Chef training, like almost everything these days, is being done via the Internet.
Right here in Whistler.
A group of 12 first-year apprentices in Whistler are enrolled in Camosun College's Professional Cook One distance learning course.
Unlike the old days when apprentices used to spend six weeks in the classroom to do theory and book work, the system now in place makes it easier for cooks to become certified, said chef trainer Gilbert Noussitou.
"What we've seen," said Noussitou from his home in Victoria, " (is that) over the years a lot of folks would work in kitchens and not necessarily be able to go and get the training and formalize that training and get their certification."
Three years ago he started to work on the creation of a distance education program to allow students to continue working and do their technical work on their own time through the Internet over a six-month period.
"So instead of having students for six weeks, I now have them for six months online," says the trainer of chefs.
"Now, what we are doing is we are actually taking the classroom to the apprentices rather than spending all that time and resources in having the apprentices travel to the college," says Noussitou.
The experienced chef trainer estimates he has trained about 3,000 students. Amongst his list of protégés are Melissa Craig from the Bearfoot Bistro and Vincent Stufano from the Fairmont Chateau Whistler.
Noussitou was in Whistler last weekend to meet with his new Whistler students and their sponsors from the conference centre, the Four Seasons, the Hilton, the Pan Pacific and the Rimrock.
Over the course of the weekend he got the apprentices oriented and introduced to the program.
There are four other apprentices in Victoria training with this group of Whistler students.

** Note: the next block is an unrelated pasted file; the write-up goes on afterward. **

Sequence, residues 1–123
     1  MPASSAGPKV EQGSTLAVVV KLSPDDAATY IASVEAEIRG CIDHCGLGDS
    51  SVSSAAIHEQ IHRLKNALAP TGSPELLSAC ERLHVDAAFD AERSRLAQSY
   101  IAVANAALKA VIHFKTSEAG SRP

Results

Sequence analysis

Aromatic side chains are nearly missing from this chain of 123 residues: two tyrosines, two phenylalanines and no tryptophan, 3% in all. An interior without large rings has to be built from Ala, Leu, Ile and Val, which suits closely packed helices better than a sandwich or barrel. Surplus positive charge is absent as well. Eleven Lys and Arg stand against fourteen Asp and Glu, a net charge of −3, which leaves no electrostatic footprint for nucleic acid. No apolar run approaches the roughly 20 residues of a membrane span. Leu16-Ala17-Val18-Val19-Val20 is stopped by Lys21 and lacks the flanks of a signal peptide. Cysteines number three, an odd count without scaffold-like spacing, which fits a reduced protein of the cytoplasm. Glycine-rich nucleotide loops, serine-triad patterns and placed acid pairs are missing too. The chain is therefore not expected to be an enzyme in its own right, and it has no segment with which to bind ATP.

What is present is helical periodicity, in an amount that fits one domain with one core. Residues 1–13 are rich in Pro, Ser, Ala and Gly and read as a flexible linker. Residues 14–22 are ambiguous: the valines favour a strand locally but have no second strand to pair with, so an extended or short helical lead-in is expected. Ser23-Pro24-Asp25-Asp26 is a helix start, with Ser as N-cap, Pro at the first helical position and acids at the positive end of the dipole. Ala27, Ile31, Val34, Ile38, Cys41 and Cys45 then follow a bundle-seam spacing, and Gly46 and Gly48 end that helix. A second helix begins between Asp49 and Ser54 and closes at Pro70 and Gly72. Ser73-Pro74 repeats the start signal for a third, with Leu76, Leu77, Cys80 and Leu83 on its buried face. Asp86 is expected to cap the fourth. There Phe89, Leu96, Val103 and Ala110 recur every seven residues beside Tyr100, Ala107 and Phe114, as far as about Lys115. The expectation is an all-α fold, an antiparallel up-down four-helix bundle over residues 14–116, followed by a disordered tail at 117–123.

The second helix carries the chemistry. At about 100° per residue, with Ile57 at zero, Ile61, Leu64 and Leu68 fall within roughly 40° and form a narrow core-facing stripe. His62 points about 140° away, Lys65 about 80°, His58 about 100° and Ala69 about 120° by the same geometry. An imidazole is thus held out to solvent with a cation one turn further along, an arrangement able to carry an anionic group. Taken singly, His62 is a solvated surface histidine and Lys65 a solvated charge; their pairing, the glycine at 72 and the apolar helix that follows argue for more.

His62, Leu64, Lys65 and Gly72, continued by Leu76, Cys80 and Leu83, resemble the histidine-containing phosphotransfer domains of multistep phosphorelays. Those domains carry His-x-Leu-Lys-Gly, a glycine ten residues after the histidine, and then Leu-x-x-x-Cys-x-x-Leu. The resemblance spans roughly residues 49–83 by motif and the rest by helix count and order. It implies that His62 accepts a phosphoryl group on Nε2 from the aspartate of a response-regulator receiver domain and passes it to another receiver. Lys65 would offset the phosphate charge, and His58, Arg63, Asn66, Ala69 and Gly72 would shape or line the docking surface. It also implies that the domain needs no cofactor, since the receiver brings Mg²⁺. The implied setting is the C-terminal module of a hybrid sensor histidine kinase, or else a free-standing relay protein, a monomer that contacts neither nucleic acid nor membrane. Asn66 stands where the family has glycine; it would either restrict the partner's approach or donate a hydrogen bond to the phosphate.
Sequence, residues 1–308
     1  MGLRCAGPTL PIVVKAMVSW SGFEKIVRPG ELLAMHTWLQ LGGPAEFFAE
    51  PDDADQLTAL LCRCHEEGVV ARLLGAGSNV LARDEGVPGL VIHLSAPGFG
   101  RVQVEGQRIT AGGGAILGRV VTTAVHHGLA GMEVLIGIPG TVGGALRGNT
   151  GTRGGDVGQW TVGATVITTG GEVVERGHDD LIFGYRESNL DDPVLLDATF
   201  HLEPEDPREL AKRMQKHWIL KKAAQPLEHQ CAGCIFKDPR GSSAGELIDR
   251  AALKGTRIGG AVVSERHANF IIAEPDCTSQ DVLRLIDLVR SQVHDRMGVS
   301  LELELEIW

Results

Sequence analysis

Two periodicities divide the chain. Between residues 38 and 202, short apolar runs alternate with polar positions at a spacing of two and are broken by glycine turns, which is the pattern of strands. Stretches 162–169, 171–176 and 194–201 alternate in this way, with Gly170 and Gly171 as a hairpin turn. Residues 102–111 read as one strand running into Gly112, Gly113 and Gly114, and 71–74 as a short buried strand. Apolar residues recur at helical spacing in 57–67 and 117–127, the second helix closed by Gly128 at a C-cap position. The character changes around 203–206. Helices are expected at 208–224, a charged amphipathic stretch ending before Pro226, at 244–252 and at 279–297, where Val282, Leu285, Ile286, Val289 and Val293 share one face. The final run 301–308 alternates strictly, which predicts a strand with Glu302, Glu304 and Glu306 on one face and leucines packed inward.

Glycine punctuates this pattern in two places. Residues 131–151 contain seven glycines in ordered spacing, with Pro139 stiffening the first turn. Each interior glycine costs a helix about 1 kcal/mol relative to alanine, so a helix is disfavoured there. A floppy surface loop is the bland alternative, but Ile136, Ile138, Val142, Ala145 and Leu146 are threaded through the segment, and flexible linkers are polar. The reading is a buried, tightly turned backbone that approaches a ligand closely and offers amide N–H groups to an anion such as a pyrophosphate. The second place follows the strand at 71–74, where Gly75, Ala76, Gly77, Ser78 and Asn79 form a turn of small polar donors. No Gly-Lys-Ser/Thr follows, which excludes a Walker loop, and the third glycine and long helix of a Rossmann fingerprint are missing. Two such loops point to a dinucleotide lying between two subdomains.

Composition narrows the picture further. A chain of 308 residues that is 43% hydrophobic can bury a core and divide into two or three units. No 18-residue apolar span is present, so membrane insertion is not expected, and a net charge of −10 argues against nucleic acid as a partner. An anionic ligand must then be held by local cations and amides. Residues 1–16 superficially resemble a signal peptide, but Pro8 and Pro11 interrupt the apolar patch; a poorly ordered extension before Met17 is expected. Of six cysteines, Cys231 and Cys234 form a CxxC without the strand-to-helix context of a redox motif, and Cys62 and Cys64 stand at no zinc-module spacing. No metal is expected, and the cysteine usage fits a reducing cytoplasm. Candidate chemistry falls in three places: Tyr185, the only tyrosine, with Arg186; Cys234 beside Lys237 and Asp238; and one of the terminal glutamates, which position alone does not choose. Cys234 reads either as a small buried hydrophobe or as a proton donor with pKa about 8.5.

This is the fifth running of the distance education program and it's the first time Whistler cooks have been invited to apply, says Noussitou.
Whistler was identified as a perfect place for this program and Noussitou wanted to have it up and running here from the start.
"When we put the pilot (program) together I had identified Whistler as in need of training in all areas of the hospitality industry, and they don't have any facilities for training, which makes it hard for anybody to travel down the mountain to get their training," says Noussitou. "For the pilot, I had identified Whistler as being an ideal community to pilot the program and unfortunately we were a bit late starting on the delivery of the pilot as it was right in the middle of the (2010 Winter) Olympics."
So, he backed off.
"I got a clear message to come back later," says Noussitou.
Later is now.
In six months Whistler will have a dozen newly trained cooks. Noussitou says the success rate in his courses is very high so he predicts Whistler will have a dozen newly certified cooks with their Professional Cook One certification.
There are three levels of professional cook training and Noussitou teaches all three so he envisions working with young kitchen talent from Whistler well into the future.
Jimmy Stewart chopped
The run is done for Whistler's highest profile sous chef.
Jimmy Stewart was chopped from Top Chef Canada this week. In his departure he took a swipe at the judges and insisted he stands by the food he created.
The youngest cheftestant in the contest says he never really agreed on much with head judge Mark McEwan.
"I told him to get bent, they didn't show that," Stewart says in recalling the day his final episode was filmed.
Stewart made it just past halfway, the ninth person tossed from the TV show, which started with 16 cooks vying to be named Canada's Top Chef. With his departure seven people are left battling for kitchen supremacy on the Food Network program.
Blood was drawn early in this week's edition with Stewart cutting himself in the first challenge while dicing shallots.
It was a precursor of things to come.
The main challenge was to cater lunch for a filming crew. Stewart created a basic salad and a soup for the filmmakers. He purposefully went really simple attempting to address earlier criticisms that his dishes were too complicated. He put together a leafy green salad with cucumbers, tomato and shaved fennel and green minestrone with porcini, lemon juice and truffle oil.
The judges were critical of both dishes.
"I was tired of them being hypocritical," says Stewart. "I just shot myself in the foot."
He doesn't have any regrets as says he learned a great deal from being on the show.
In the Epicurious column last week, Neil Henderson was identified as the restaurant director and sommelier at Araxi. He is, the restaurant director and he is a sommelier but Samantha Rahn, also a sommelier, is the Wine Director at Araxi.
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